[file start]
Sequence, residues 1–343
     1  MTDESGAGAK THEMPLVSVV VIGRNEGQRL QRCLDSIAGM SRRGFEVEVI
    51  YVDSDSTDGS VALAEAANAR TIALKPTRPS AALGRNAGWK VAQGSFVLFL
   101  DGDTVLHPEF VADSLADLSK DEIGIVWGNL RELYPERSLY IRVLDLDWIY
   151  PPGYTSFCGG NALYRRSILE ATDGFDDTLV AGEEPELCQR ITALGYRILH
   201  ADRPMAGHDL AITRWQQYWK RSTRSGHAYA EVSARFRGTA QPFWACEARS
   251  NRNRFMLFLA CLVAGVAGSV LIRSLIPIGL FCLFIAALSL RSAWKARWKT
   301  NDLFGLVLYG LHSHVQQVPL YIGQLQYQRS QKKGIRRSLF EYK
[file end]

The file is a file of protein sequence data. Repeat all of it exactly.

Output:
Sequence, residues 1–343
     1  MTDESGAGAK THEMPLVSVV VIGRNEGQRL QRCLDSIAGM SRRGFEVEVI
    51  YVDSDSTDGS VALAEAANAR TIALKPTRPS AALGRNAGWK VAQGSFVLFL
   101  DGDTVLHPEF VADSLADLSK DEIGIVWGNL RELYPERSLY IRVLDLDWIY
   151  PPGYTSFCGG NALYRRSILE ATDGFDDTLV AGEEPELCQR ITALGYRILH
   201  ADRPMAGHDL AITRWQQYWK RSTRSGHAYA EVSARFRGTA QPFWACEARS
   251  NRNRFMLFLA CLVAGVAGSV LIRSLIPIGL FCLFIAALSL RSAWKARWKT
   301  NDLFGLVLYG LHSHVQQVPL YIGQLQYQRS QKKGIRRSLF EYK